Vulvovaginal candidiasis (VVC) is estimated to be the second most common form of infection after bacterial vaginosis. The ability of probiotics in maintaining and recovering the normal vaginal microbiota, and their potential ability to resist Candidas give rise to the concept of using probiotics for the treatment of VVC.
To assess the effectiveness and safety of probiotics for the treatment of vulvovaginal candidiasis in non-pregnant women.
We searched the following databases to October 2017: Sexually Transmitted Infections Cochrane Review Group's Specialized Register, CENTRAL, MEDLINE, Embase and eight other databases. We searched in following international resources: World Health Organization International Clinical Trials Registry Platform, ClinicalTrials.gov, Web of Science and OpenGrey. We checked specialty journals, reference lists of published articles and conference proceedings. We collected information from pharmaceutical companies and experts in the field.
Randomized controlled trials (RCT) using probiotics, alone or as adjuvants to conventional antifungal drugs, to treat VVC in non-pregnant women. Trials recruiting women with recurrent VVC, coinfection with other vulvovaginal infections, diabetes mellitus, immunosuppressive disorders or taking immunosuppressant medication were ineligible for inclusion. Probiotics were included if they were made from single or multiple species and in any preparation type/dosage/route of administration.
Two review authors independently assessed trials for eligibility and quality and extracted data. We resolved any disagreements through consensus. The quality of the evidence was assessed using the GRADE approach.
Ten RCTs (1656 participants) met our inclusion criteria, and pharmaceutical industry funded none of these trials. All trials used probiotics as adjuvant therapy to antifungal drugs. Probiotics increased the rate of short-term clinical cure (risk ratio (RR) 1.14, 95% confidence interval (CI) 1.05 to 1.24, 695 participants, 5 studies, low quality evidence) and mycological cure (RR 1.06, 95% CI 1.02 to 1.10, 969 participants, 7 studies, low quality evidence) and decreased relapse rate at one month (RR 0.34, 95% CI 0.17 to 0.68, 388 participants, 3 studies, very low quality evidence). However, this effect did not translate into a higher frequency of long-term clinical cure (one month after treatment: RR 1.07, 95% CI 0.86 to 1.33, 172 participants, 1 study, very low quality evidence; three months after treatment: RR 1.30, 95% CI 1.00 to 1.70, 172 participants, one study, very low quality evidence) or mycological cure (one month after treatment: RR 1.26, 95% CI 0.93 to 1.71, 627 participants, 3 studies, very low quality evidence; three months after treatment: RR 1.16, 95% CI 1.00 to 1.35, 172 participants, one study, very low quality evidence). Probiotics use did not increase the frequency of serious (RR 0.80, 95% CI 0.22 to 2.94; 440 participants, 2 studies, low quality evidence). We found no eligible RCTs for outcomes as time to first relapse, need for additional treatment at the end of therapy, patient satisfaction and cost effectiveness.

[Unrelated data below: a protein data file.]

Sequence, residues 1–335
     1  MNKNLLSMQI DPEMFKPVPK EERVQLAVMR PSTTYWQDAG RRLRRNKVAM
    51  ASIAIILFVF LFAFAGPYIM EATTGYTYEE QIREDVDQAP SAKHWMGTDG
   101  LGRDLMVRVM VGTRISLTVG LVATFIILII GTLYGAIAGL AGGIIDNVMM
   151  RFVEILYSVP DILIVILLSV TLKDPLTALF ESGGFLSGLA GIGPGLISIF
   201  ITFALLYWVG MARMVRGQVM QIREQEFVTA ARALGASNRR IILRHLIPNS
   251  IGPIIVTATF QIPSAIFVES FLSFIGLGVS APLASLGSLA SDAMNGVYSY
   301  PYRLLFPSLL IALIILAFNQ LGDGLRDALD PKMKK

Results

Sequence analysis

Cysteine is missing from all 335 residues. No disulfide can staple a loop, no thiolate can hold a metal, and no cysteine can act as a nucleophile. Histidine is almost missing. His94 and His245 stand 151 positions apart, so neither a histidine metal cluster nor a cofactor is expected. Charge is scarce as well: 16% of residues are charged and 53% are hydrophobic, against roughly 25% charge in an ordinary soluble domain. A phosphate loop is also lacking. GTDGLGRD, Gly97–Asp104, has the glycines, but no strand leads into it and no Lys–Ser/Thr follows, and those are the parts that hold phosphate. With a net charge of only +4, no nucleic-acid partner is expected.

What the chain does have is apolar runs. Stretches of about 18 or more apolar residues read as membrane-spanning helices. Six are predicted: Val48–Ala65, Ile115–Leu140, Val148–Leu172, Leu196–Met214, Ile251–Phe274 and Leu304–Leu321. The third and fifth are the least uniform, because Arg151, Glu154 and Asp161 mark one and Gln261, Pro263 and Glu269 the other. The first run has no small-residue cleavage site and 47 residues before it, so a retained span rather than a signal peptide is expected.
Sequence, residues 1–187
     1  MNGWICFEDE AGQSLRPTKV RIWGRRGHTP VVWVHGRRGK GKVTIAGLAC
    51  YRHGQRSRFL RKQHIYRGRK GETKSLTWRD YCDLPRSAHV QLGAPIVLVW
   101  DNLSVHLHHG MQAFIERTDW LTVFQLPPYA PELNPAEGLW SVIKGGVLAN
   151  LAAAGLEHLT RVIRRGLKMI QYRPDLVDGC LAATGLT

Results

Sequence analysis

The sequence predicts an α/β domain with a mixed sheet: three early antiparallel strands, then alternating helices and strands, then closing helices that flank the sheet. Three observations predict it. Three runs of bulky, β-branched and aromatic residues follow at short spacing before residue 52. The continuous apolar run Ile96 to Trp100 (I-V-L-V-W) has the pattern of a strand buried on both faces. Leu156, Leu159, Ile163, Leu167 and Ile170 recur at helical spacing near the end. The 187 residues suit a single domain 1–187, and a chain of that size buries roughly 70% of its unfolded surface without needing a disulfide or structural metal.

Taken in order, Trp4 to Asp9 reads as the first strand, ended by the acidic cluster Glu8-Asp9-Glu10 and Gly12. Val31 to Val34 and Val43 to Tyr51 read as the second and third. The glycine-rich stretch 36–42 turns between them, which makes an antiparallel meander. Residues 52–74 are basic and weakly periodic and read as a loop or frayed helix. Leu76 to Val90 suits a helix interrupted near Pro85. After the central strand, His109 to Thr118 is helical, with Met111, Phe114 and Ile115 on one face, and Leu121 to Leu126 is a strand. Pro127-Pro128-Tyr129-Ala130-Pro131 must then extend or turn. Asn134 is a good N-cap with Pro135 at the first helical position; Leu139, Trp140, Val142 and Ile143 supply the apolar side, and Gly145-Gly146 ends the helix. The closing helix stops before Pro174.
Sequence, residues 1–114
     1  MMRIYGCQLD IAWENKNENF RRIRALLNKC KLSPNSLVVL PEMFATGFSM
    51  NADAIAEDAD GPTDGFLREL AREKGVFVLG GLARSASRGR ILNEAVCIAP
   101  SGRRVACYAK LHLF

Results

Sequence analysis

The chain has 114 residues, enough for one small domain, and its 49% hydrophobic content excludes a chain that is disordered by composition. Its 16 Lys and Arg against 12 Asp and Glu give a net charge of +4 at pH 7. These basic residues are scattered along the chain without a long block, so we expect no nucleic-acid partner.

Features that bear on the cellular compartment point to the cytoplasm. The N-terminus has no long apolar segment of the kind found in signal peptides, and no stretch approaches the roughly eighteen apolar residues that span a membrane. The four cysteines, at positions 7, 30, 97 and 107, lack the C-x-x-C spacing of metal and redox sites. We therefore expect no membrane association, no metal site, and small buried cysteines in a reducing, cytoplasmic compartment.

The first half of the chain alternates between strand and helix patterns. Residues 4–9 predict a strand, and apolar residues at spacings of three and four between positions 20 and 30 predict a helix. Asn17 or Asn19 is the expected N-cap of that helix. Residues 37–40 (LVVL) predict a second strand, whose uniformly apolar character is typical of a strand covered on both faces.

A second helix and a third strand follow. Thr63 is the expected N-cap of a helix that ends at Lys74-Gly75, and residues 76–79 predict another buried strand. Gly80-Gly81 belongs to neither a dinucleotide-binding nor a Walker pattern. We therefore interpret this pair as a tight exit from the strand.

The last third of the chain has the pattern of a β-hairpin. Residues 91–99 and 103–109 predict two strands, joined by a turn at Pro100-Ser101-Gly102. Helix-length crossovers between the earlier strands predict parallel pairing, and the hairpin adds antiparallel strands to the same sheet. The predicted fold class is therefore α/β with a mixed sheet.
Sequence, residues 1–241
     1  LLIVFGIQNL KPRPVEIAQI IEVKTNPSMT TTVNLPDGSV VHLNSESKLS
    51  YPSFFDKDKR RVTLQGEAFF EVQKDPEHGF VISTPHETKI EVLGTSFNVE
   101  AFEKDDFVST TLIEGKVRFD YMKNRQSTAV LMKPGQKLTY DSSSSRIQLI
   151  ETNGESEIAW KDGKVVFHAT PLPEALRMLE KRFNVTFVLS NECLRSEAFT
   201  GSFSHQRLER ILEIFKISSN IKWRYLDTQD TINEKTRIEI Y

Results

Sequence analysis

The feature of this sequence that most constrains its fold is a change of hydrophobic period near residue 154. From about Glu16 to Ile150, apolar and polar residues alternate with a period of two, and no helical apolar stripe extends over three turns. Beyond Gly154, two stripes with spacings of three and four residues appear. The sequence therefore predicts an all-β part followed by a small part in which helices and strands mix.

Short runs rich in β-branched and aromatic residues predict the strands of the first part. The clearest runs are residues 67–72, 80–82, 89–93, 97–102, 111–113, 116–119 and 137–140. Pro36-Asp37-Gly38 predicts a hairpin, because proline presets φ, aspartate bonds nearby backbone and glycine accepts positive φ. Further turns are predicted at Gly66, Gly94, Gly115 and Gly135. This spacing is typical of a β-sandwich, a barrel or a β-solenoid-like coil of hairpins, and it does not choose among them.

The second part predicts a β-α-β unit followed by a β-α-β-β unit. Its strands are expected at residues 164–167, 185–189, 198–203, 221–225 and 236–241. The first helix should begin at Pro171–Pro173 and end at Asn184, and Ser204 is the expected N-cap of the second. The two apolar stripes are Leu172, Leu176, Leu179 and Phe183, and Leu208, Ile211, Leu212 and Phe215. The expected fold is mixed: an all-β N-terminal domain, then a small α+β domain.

Low and very low quality evidence shows that, compared with conventional treatment, the use of probiotics as an adjuvant therapy could increases the rate of short-term clinical and mycological cure and decrease the relapse rate at one month but this did not translate into a higher frequency of long-term clinical or mycological cure. Probiotics use does not seem to increase the frequency of serious or non-serious adverse events. There is a need for well-designed RCTs with standardized methodologies, longer follow-up and larger sample size.